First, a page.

Rebuilt Title Car Insurance Versus Clean Title Car Insurance

You must insure a rebuilt title car if you want to drive legally on public roads. However, insurance works differently for rebuilt title cars than for clean title cars.

Some of the differences between clean and rebuilt title car insurance include:

Not All Insurers Cover Rebuilt Title Cars: You may struggle to find an insurer for your rebuilt title car. Some insurers only cover cars with clean titles. In most cases, you’ll need to use a non-standard insurance company. Even though your rebuilt car has passed inspection, there may be risks. Some mechanics overlook structural damage, for example, to increase profitability during the restoration process. Any car involved in a serious accident could also have hidden damage missed by mechanics and inspectors.

Full Coverage May Not Be Available: If you can find an insurer for your rebuilt title car, then you may not be able to buy full coverage car insurance. Some insurers do not offer full coverage car insurance on cars with rebuilt titles, for example. You can only buy liability coverage. Liability coverage protects others from damages and injuries you cause, but it does not cover your own vehicle. You can legally drive with liability coverage, but you would need to cover most damage to your own vehicle out of pocket.

Higher Premiums: It’s riskier to insure a car with a rebuilt title than a car with a clean title. Most insurers charge 20% to 30% higher premiums for cars with rebuilt titles compared to cars with clean titles. Instead of paying $900 per year for liability-only coverage, for example, you could pay $1,080 to $1,170 per year.

Extra Information Required: Insurers require extra information when insuring a car with a rebuilt title. Your insurer needs to verify your car has been genuinely repaired and inspected by a certified mechanic, for example. Your insurer also needs photos of your car. If your car is involved in a future accident, then the insurer will check these photos to verify new versus pre-existing damage. The insurer will cover new damage to your vehicle, but they will not cover pre-existing damage. Some of the extra information that may be required include:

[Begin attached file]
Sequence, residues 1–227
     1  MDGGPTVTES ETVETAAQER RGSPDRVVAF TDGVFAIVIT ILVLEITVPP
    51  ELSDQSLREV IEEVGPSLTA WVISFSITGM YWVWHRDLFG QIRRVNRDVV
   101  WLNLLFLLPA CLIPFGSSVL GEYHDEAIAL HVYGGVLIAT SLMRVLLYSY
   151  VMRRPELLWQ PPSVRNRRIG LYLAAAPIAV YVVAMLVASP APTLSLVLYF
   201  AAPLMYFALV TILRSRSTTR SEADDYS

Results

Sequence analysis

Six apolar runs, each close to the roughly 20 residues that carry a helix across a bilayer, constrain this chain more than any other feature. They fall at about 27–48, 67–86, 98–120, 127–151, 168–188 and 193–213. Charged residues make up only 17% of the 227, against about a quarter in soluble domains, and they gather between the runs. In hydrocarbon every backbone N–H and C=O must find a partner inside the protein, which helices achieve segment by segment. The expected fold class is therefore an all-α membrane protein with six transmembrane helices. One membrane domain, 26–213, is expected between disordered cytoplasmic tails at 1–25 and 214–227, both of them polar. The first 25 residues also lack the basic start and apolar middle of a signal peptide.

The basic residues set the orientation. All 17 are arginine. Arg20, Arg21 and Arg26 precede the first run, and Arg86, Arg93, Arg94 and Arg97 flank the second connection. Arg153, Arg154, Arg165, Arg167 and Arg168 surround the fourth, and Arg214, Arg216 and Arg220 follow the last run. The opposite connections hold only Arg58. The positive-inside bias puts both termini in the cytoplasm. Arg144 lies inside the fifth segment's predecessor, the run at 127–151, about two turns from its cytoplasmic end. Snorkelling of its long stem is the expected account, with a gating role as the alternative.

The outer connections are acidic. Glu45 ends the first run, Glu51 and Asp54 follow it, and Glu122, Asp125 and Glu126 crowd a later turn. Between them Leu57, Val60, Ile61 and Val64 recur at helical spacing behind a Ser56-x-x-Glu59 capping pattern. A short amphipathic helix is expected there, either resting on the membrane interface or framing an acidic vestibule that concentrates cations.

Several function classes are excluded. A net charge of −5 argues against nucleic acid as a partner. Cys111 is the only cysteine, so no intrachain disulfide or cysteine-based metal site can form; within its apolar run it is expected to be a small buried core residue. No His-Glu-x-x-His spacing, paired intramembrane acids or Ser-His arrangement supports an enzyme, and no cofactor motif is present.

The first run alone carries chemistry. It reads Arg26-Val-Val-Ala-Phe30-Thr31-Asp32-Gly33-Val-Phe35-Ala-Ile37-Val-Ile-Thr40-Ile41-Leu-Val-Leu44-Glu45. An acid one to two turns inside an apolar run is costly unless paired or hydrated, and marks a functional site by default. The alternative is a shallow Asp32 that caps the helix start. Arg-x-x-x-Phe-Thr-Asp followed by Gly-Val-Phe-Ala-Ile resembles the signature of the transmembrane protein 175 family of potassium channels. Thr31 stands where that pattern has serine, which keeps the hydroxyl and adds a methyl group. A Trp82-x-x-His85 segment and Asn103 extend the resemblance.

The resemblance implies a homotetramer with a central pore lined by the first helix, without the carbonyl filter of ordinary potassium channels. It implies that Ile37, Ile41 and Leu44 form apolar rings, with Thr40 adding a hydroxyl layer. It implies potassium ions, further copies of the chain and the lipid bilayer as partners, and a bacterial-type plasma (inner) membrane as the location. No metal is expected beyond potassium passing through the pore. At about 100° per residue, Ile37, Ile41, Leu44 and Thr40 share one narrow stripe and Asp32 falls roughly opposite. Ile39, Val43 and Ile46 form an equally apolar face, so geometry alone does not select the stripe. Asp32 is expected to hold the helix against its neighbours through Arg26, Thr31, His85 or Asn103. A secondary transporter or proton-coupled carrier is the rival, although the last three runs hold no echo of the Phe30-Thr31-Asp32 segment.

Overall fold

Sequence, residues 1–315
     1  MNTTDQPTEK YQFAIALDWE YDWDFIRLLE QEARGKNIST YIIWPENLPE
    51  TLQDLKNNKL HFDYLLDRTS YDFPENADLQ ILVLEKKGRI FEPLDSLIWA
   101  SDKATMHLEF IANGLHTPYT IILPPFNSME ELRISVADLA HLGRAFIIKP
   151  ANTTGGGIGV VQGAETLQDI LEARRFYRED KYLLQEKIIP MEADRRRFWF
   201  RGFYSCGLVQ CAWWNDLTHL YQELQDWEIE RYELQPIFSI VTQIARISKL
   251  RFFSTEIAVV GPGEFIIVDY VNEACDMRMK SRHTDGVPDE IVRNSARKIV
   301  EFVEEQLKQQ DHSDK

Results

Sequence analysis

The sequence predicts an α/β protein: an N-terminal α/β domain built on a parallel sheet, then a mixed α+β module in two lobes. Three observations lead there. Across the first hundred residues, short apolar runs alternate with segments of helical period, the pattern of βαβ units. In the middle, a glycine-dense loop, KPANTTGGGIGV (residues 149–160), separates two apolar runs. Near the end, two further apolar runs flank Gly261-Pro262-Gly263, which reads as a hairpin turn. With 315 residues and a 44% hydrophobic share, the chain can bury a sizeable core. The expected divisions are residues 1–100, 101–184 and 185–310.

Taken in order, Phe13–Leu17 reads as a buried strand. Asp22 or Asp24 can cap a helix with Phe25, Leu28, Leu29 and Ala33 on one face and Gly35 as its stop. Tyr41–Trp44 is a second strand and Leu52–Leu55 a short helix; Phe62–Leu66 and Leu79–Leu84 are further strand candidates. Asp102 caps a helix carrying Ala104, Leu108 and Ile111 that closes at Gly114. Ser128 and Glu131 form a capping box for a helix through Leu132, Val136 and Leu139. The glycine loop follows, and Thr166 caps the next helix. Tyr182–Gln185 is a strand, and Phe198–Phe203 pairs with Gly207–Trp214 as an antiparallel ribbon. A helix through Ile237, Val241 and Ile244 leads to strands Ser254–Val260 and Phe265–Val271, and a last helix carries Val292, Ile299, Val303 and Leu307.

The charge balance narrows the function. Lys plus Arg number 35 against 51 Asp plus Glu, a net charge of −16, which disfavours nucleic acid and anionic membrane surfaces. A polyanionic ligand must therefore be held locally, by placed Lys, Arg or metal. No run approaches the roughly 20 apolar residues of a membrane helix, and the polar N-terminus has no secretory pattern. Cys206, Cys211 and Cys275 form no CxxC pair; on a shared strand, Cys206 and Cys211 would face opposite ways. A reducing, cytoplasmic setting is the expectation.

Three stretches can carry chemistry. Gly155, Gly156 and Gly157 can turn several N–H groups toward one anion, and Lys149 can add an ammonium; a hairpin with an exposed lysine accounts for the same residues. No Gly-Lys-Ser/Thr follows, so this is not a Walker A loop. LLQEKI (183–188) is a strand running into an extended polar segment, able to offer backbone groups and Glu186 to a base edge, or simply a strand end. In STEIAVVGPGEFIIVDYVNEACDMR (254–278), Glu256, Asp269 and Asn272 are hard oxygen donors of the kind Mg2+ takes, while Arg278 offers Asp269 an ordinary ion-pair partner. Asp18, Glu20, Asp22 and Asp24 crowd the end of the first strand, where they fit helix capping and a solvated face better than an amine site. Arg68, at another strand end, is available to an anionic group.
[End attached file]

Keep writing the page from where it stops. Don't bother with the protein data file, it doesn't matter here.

• Certified mechanics statement to verify your rebuilt title car is safe to drive and has been repaired to operable condition
  • Photos of your car, including photos (and possibly videos) of your vehicle and crucial components to be used as “before” pictures in any future claims
  • An original repair estimate for your vehicle, which should come with the car when buying a salvage or rebuilt title car

Final Word – Insuring Cars With Salvage and Rebuilt Titles

You can insure a car with a rebuilt title, but you cannot insure a car with a salvage title.

Salvage title cars have been declared a total loss. They are not operable on public roads.

Once a salvage title car receives repairs and completes an inspection, it may receive a rebuilt title. You can buy insurance for cars with rebuilt titles. Cars with rebuilt titles are legal to drive on public roads.

Although you can buy insurance for cars with rebuilt titles, insurance may work differently. Insurers charge higher rates for rebuilt title cars, for example, and some insurers avoid insuring rebuilt title cars at all (or may only offer liability coverage).

However, by comparing quotes, contacting insurers, and providing insurers with the information they need about your rebuilt title car, you can find the best insurance for your rebuilt title vehicle.

James Shaffer
James Shaffer James Shaffer is a writer for and a well-seasoned auto insurance industry veteran. He has a deep knowledge of insurance rules and regulations and is passionate about helping drivers save money on auto insurance. He is responsible for researching and writing about anything auto insurance-related. He holds a bachelor's degree from Bentley University and his work has been quoted by NBC News, CNN, and The Washington Post.